At the September All Members Meeting (AMM), Basingstoke Constituency Labour party (CLP) unanimously passed a motion in support of trans rights and standing firmly against all forms of transphobia. As part of that motion, it was agreed that transgender awareness training would be made available to the CLP, so that we could better understand and support both our trans Labour Party members, and also the wider trans community.
On November 21st a mixed group of the Executive Committee, Councillors and wider members, met for a two hour training session by Andi Mentos from the charity Chrysalis http://www.chrysalis-gii.org/ . Chrysalis provides support for gender diverse people and their significant others as well as providing a range of types of training. Based in the South they hold a variety of support groups in Southampton, Portsmouth & Fareham, Bournemouth and Basingstoke. Andi has a wealth of experience supporting trans people and was brilliantly placed to give not only their own perspective, but that of the many trans people of all ages that have been in need of support.
One of the first things that struck me was that non-binary people are so often hidden when cis people (including myself) think about trans people. The intense focus from the press has been on trans men and women who have transitioned, or are in the process thereof. A recently published National LGBT Survey (https://www.gov.uk/government/publications/national-lgbt-survey-summary-report ) found that over half of trans respondents were non-binary (i.e. they identified as having a gender that was neither exclusively that of a man nor a woman). Although it is a good idea to be cautious in generalising from the survey, it is clear that trans people include a really wide variety of gender identities, with non-binary making up a significant but often overlooked group. The training was helpful in helping to understand these different groups and the importance of personal pronouns, including ‘they/them’. That’s not to say I won’t get it wrong or slip-up sometimes, but I’ll certainly be more alert as to how people might describe themselves (or avoid describing themselves) and think about how simple things like registration forms and meetings could be more inclusive.
A second part of the training that really stuck with me was the gender incongruence that trans people often feel, especially when they are growing up. I was already aware that trans people can feel that they have the ‘wrong body’, and that gender dysphoria is a recognised condition. I’d never really thought about trans people feeling that no one, including the people they care about the most, can really see them for who they are. It’s not surprising then that teenage years (which are hard enough for most of us) can be particularly challenging for trans teens, who not only have to figure out their own identity, but can face so many barriers and obstacles in having that identity recognised and accepted by family, friends and schools/colleges.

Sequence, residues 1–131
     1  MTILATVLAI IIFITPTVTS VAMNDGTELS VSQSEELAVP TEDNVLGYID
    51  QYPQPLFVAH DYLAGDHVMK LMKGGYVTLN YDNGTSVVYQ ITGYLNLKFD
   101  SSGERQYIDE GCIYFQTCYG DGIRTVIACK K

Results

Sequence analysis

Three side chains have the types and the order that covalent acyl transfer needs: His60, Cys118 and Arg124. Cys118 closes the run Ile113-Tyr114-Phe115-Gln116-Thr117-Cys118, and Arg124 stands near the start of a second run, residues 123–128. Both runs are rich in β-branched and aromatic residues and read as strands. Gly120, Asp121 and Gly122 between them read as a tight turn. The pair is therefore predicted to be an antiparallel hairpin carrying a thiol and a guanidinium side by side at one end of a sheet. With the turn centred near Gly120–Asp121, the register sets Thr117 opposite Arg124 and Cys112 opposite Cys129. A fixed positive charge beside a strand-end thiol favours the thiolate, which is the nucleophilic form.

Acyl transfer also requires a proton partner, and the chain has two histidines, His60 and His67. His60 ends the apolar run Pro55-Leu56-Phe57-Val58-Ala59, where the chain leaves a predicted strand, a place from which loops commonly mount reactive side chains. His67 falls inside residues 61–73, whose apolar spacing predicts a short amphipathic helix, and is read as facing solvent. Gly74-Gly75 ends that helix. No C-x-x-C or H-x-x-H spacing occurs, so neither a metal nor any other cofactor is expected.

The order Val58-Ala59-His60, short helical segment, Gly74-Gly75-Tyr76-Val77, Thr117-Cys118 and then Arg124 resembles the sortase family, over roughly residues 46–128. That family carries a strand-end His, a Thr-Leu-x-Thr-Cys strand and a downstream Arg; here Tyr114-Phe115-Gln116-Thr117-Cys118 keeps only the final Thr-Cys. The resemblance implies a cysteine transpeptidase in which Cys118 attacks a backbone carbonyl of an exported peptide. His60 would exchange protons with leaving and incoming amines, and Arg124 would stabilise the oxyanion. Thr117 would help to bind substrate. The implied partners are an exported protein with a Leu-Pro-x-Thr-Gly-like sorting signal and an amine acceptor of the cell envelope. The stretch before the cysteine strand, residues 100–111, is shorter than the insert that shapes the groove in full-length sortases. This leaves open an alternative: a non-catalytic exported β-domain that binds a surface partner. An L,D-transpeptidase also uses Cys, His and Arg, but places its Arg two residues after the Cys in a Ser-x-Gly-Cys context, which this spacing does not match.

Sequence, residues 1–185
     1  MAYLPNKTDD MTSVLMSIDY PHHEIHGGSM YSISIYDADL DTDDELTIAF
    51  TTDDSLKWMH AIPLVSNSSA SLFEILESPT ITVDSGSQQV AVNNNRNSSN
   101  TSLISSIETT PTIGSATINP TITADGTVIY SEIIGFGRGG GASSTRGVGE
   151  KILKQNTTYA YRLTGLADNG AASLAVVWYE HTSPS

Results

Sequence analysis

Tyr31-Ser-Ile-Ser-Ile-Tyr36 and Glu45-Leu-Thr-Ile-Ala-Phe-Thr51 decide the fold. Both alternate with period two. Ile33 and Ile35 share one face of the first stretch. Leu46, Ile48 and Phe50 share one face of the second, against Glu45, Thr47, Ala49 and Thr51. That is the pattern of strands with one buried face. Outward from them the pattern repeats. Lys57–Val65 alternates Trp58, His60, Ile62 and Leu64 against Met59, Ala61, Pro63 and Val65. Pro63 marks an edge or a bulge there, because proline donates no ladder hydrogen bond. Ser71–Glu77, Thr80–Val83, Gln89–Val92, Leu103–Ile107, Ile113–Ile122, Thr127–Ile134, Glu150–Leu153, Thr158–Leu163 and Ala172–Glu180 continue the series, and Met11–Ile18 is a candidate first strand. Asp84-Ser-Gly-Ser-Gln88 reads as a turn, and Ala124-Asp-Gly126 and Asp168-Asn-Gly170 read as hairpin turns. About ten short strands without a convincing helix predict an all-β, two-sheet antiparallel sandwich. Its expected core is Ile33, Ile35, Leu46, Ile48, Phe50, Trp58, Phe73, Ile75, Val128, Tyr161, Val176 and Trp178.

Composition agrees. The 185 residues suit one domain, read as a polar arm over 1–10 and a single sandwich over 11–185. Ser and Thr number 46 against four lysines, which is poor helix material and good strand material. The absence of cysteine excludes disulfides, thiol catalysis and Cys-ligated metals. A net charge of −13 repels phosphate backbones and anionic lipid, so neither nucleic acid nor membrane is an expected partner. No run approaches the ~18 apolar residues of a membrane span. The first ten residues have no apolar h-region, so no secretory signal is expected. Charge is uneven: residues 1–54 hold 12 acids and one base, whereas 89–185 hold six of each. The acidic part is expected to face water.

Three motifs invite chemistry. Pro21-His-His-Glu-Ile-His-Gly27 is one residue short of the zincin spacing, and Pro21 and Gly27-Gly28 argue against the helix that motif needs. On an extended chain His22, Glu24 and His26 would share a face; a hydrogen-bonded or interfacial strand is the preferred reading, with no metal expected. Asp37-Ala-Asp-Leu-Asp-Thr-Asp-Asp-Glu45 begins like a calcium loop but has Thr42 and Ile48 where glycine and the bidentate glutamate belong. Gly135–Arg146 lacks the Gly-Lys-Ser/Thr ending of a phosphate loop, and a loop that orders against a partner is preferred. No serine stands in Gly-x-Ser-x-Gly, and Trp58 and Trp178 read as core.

Andi explained the process of transitioning, which is broadly speaking divided into a social transition and, for some, a medical journey as well. The social transition includes ‘coming out’ to friends, family, workplaces and society more generally and may be accompanied by a change of outward appearance, or expression of gender. Other aspects of social transitioning can include changing your name and/or gender by deed poll for relevant legal documents. More complicated, time consuming and costly is the current process of gaining a Gender Recognition Certificate (GRC). The medical journey (via the NHS) is for the vast majority, an extremely lengthy process, with waiting lists of up to two years for an appointment at a gender clinic (assuming the GP is willing to refer you). The entire process can be long and challenging, and for many it can be lonely and isolating. No wonder then that a worrying high proportion of transgender people have mental health struggles.
Of concern to our Basingstoke CLP members was the high incidence of transphobia in Basingstoke, relative to the somewhat larger population of Southampton, with 20 recorded incidents in 2017/18. It is likely that many more go unreported. If you are the victim of, or witness a transphobic hate crime (or any form of hate crime affecting the wider LGBT community) you can find out more about Hampshire’s Lesbian and Gay Liaison Officers (LAGLOs) and how to report it here: https://www.hampshire.police.uk/police-forces/hampshire-constabulary/areas/au/about-us/our-commitments/equality-and-inclusion/
Thanks to Andi for the really interesting and informative training session. Everyone who attended learnt something new and I would highly recommend anyone who is a little unsure of trans issues, or wanting to be a supportive trans ally but not knowing quite how, to attend a training session if possible. I’ve found it valuable at work and really helpful in understanding how I can be a better trans ally.
Chrysalis the charity supporting transgender people and their significant others, registered charity 1116321 http://www.chrysalis-gii.org